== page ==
by Robert Saler
Much of the recent controversy about Sarah Riccardi-Swartz’s book Between Heaven and Russia (as well as the National Public Radio piece that highlighted her work along with that of other scholars investigating the influence of far-right currents within U.S. Orthodoxy) has exhibited some confusion about the epistemology of social science disciplines. Sarah’s book is an anthropological study based on over a year of fieldwork at a West Virginia monastery. In the book, she outlines a series of discoveries that she made in conversation with the largely convert population of monks and parishioners in the nearby parish, many of which relate to currents of pro-Putin sentiment, nationalism, and illiberal understandings of gender and racial hierarchies. Much of the ensuing controversy around her book (carried out largely among non-academic Orthodox audiences, many of whom boldly claim they have not read the book but are rather listening to likeminded online actors) relates to whether she has been sufficiently transparent in her methods, or—put more bluntly—whether her project was some sort of deception perpetrated upon the community. In effect, this commentary has been a broadside against the enterprise of anthropology itself.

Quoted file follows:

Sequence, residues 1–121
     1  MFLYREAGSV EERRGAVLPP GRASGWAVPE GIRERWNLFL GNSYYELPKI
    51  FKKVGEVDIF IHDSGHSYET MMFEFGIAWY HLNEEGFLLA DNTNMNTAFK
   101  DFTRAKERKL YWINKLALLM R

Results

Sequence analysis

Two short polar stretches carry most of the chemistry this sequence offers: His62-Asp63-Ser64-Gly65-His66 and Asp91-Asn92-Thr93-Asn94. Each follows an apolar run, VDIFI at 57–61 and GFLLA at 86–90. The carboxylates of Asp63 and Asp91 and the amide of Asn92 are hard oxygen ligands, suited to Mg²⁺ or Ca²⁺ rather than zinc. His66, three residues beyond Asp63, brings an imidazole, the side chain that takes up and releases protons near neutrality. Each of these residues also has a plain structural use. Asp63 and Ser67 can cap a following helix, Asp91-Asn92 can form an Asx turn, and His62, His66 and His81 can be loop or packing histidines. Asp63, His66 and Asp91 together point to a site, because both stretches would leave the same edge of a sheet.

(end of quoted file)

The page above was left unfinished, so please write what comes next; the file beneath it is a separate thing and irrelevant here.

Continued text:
While I have collaborated with Dr. Riccardi-Swartz and have, like many others, benefited from her insights, my goal in this short essay is less about the substance of her book per se and more about the necessity to understand the epistemological strictures that govern different enterprises in the social sciences, and why it is important to get them right—especially when critiquing conclusions based on methodologies. I will consider three examples: sociology, anthropology, and journalism.Continue reading